• Robert Bell

Consumer Duty – Start to Prepare Now

Preparations should be well underway now for the implementation of the Financial Conduct Authority’s Consumer Duty. The final proposals are due to be published in July 2022, with the start date currently set for late April 2023. The FCA’s initial consultation took place last year, so although there are likely to be a few adjustments in the final rules, the foundations of the Duty will remain as they are and impose a higher standard of service, and of evidencing that service, than currently exists. With under a year to implementation, preparing to meet the new expectations should be well underway during H1 2022.


The aim of the Consumer Duty is fairly simply summed up as “selling someone the right product with suitable customer service.” So far, so straightforward. For firms that aim to keep up with the FCA’s direction of travel, the new requirements should contain no real surprises. But the Consumer Duty is a set of requirements that will take some getting used to: potentially switching one of the Individual Conduct Rules, imposing a new Principle, and setting three new rules and four new outcomes that firms must be able to evidence compliance with.

Funeral Plan Providers: New FCA Regulations
 

RELATED ARTICLES:

FCA’s Consultation on a New Consumer Duty


RELATED RESOURCES:

Conduct Rules Training for Senior Managers (2022)

Conduct Rules Training - Certification and All Other Staff (2022)

Fair Treatment of Vulnerable Customers 2022

 

Together, the Principle, rules and outcomes will usher in the next step in the FCA’s regulatory transformation, with a clear focus on outcomes, in addition to the traditional rules and principles format. The aim of the Duty - as outlined by FCA Chief Executive Nikhil Rathi in a speech on 26 April – is to guide firms to “take account of the actual impact of their services and product suitability on consumers”, placing much of the responsibility for meeting customer needs to the firm.


Given that the UK economy is entering the most difficult period seen in decades with inflation set to reach a 40-year high and bills rising much faster than wages, Rathi highlights that the least able to bear the rises will be hit the hardest. The extent of the difficulties means that a higher proportion of consumers than ever are likely to find the cost of living very difficult. Coming as it does at this point in time, the Consumer Duty will mean that firms will need to understand a rapidly shifting customer base, their needs, and how to support them to meet their financial objectives, during a period of great economic uncertainty.


The FCA have signalled that they expect firms to spend the time between now and the implementation date fully preparing for the Consumer Duty, and if we have learned anything from the Senior Managers and Certification Regime, it’s that early engagement pays off. Getting to grips with the raft of expectations, understanding how it will impact your firm, and then conducting audits and putting new processes and literature into place takes time. And the new requirements are comprehensive.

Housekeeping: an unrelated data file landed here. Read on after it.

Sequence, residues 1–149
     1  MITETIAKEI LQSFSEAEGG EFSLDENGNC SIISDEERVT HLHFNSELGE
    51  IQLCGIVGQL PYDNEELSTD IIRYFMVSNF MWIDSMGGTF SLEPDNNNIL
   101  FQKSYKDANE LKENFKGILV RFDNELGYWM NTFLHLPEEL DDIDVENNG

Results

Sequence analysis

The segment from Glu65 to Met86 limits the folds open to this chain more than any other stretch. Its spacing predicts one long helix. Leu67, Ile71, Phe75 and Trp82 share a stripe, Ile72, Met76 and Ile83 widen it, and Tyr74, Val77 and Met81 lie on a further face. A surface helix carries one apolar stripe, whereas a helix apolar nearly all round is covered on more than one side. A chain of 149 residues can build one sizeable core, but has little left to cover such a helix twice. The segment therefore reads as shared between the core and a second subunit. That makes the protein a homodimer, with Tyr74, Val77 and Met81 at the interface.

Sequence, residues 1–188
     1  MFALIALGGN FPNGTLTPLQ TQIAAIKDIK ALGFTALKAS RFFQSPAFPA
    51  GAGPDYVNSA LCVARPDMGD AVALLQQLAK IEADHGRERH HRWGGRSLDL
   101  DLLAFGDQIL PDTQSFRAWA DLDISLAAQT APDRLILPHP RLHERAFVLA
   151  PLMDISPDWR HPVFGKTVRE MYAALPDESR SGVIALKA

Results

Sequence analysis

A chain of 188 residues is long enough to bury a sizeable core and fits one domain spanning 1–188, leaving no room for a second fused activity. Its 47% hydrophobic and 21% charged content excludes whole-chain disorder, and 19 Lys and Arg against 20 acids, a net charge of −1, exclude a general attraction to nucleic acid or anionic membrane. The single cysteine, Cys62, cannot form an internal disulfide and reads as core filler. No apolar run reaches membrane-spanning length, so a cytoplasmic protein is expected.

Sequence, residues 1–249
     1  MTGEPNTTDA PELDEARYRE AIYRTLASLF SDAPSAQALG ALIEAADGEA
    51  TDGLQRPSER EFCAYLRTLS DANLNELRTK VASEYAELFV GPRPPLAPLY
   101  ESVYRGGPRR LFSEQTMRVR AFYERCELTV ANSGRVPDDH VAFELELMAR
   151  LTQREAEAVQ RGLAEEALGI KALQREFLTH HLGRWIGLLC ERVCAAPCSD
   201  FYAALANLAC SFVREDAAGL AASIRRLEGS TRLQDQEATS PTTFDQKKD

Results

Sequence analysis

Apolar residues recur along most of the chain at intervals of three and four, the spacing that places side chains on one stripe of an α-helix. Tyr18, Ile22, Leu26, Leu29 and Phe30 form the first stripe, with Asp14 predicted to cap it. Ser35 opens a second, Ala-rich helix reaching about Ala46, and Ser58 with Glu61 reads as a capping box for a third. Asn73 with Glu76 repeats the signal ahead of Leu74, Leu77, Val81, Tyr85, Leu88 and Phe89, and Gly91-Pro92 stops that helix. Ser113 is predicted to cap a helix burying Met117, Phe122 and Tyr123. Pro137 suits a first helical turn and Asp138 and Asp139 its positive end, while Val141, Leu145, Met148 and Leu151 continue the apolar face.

It is difficult – as with any new regime – to imagine what the principle, rules and outcomes will look like on the ground. Take communications as an example, specifically a firm’s pre-contract information. A number of rules already exist about fairness, accuracy, plain language and mandatory wording. A brief read through of the Consultation might suggest that there is not likely to be any real work required to review and get the information in line with the Consumer Duty. Together, the principle, rules and outcomes require firms to carefully consider the impact of the communication on its customer base, and to do this, it must understand the characteristics of its base and what their needs might be. This requires, at least, research, analysis and recording decisions.


One of the major requirements is evidencing how the information meets the customer needs. If there are any issues found in a documentation review, then changes should be made to amend the information provided so that it helps customer understanding as fully as is reasonable. There’s also an expectation of ongoing review – so firms must be able to evidence that they are capturing how well the communication is meeting customer needs and helping with customer understanding on an ongoing basis.


Understanding the customer base is a key step in meeting the expectations of the Consumer Duty. The expectations of the FCA’s vulnerable customer guidance means many will be on track with identifying the characteristics of their vulnerable customers and be familiar with some of the FCA’s suggested techniques for customer base analysis. Although the Consumer Duty imposes an obligation to understand and aim to meet the needs of all customers, identification of and work to support vulnerable customers is a vital keystone.


The requirements are constructed in such a way as to be proportionate and flexible to differing business and it is up to firms how they implement it. This allows for differences in firm types and sizes; having said that the impact on firms will be fairly similar and a wholesale review of processes and communications is needed to be able to hit the ground running in April 2023.


Our webinar on Consumer Duty will be available in the coming weeks. This webinar is designed to give your firm a clear understanding of regulator expectation and industry practice.


Stay up-to-date with news about our upcoming Consumer Duty webinar and online training courses.



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